Is it Smeagol or Gollum? A Turkish Doctor’s Fate Lay in the Balance
Little surprises with a country that falls near the bottom of the world in global press freedoms, isn’t much better in general Internet freedoms and imprisons those who run afoul of its censorship laws, but Turkey’s Turkey and a current case involving a doctor, Lord of the Rings and President Recep Tayyip Erdoğan is an absurdity worth mention.
It began when Bilgin Ciftci posted images on Facebook this summer that juxtaposed photos of the country’s president and a Lord of the Rings character. By October, the Public Health Institution of Turkey fired the doctor for the post, and earlier this month, Ciftci found himself in court facing two years in jail for insulting Erdoğan.
All of which is absurd, but more absurd is that the doctor’s fate rests on interpreting Lord of the Rings mythology. In particular, what character appears in the photos and whether that character is inherently good or bad.
More specifically, the judge wants to know whether Ciftci was comparing the president to the cheerful Smeagol who later becomes the dark, brooding Gollum because of his temptation for the ring, or was he comparing him directly to Gollum.1
This February, the court plans to bring in five outside experts to provide answers. Namely, two academics, two behavioral scientists, and a television and film expert.
None of whom are Peter Jackson, director of The Lord of the Rings and The Hobbit, who along with his screenwriters on the films, Fran Walsh and Philippa Boyens, issued a statement supporting Ciftci and clarifying that the character in question is the benevolent Smeagol:
If the images are in fact the ones forming the basis of this Turkish lawsuit, we can state categorically: None of them feature the character known as Gollum. All of them are images of the character called Smeagol.
Added Walsh for good measure:
Smeagol does not lie, deceive, or attempt to manipulate others. He is not evil, conniving, or malicious — these personality traits belong to Gollum, who should never be confused with Smeagol.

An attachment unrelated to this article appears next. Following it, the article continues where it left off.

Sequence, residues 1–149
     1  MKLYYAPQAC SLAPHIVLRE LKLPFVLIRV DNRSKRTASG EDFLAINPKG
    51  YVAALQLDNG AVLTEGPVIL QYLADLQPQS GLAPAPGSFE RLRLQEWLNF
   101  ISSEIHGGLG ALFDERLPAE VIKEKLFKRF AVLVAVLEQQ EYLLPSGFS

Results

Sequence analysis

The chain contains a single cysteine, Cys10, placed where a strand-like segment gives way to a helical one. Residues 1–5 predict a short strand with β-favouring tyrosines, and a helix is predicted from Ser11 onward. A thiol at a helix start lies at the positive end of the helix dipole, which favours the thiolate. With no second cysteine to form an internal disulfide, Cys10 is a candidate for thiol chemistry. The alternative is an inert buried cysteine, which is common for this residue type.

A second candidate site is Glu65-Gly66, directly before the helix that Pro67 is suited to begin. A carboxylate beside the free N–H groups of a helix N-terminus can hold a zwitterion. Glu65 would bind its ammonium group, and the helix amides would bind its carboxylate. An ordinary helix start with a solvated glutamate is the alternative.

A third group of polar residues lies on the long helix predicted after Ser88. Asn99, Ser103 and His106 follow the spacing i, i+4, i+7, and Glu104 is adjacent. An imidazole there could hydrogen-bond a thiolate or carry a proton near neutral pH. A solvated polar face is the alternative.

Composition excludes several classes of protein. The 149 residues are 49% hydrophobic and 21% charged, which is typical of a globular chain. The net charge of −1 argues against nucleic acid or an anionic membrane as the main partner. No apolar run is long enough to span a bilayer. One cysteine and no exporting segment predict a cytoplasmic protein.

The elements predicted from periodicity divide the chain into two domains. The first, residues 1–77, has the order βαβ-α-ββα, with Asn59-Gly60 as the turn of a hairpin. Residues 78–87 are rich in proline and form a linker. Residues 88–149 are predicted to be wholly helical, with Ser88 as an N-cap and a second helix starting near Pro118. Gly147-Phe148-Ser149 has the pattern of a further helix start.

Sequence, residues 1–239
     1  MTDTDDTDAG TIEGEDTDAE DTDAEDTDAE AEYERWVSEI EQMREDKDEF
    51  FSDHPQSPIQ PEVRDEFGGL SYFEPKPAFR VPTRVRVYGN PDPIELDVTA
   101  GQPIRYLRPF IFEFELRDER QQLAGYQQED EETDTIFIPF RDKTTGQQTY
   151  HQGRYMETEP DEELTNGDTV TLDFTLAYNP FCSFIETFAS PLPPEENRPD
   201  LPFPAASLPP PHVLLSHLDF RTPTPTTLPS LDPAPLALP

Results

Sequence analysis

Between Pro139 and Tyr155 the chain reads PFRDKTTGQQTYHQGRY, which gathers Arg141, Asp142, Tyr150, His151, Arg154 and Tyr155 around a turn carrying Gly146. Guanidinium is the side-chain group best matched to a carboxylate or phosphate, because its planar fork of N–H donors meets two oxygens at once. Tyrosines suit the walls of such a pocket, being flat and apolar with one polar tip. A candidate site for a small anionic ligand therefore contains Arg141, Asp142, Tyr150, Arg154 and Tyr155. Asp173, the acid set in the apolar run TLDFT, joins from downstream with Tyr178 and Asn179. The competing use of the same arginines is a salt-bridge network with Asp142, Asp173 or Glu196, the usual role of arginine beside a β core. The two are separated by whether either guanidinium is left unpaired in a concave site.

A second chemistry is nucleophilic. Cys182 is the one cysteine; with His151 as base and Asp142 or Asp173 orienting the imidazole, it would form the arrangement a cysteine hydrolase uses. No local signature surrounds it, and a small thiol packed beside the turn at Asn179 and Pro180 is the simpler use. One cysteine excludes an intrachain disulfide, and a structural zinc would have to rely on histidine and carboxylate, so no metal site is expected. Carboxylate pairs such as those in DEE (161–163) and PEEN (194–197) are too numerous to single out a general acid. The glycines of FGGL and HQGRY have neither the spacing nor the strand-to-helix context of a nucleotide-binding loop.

Smeagol would never dream of wielding power over those weaker than himself. He is not a bully. In fact he’s very loveable. This is why audiences all over the world have warmed to his character.
Sadly, of course, is that the case is being tried on fantasy world technicalities instead of basic free speech rights.2
Unfortunately, such is current-day Turkey.
Over the last few years, platforms as varied as Twitter, Blogger, Last.fm, Vimeo, WordPress, Soundcloud and YouTube have been blocked for varying amounts of time and for varying reasons. Meantime, Freedom House reports that ordinary social media users are detained, harassed and threatened with imprisonment for posting “propaganda” or “misleading information” on social sites.3
Take, for example, this tweet from the actor Mehmet Ali Alabora during the 2013 Gezi Park protests: “It is not just Gezi Park, mate. Haven’t you understood it yet? Come along.”
Soon after, a prosecutor charged Alabora with “inciting an armed rebellion against the government” which carries a prison sentence of up to 25 years. Fortunately, the charges were eventually dropped. Others have not been so lucky.
Reporters Without Borders ranks Turkey 149 out of 180 in its annual World Press Rankings report; The BBC reports that 236 people were investigated for “insulting the head of state” between between August 2014 and March 2015; and the country cracked down on opposition media in the run up to its most recent elections.
Journalists critical of Erdoğan or government policies have been fired from newspapers seen as close to the president and even assaulted, while offices of pro-opposition media outlets have been raided in what observers say is a broad campaign to intimidate voices demanding change and accountability in Ankara.
“It’s the biggest crackdown on press in Turkish history,” said Tarık Toros, the editor-in-chief of the television station Bugün, which on Wednesday was taken off the air by security officers during a raid, with Toros taking refuge in the station’s control room before being forced out by police.
Ciftci’s case resumes in February.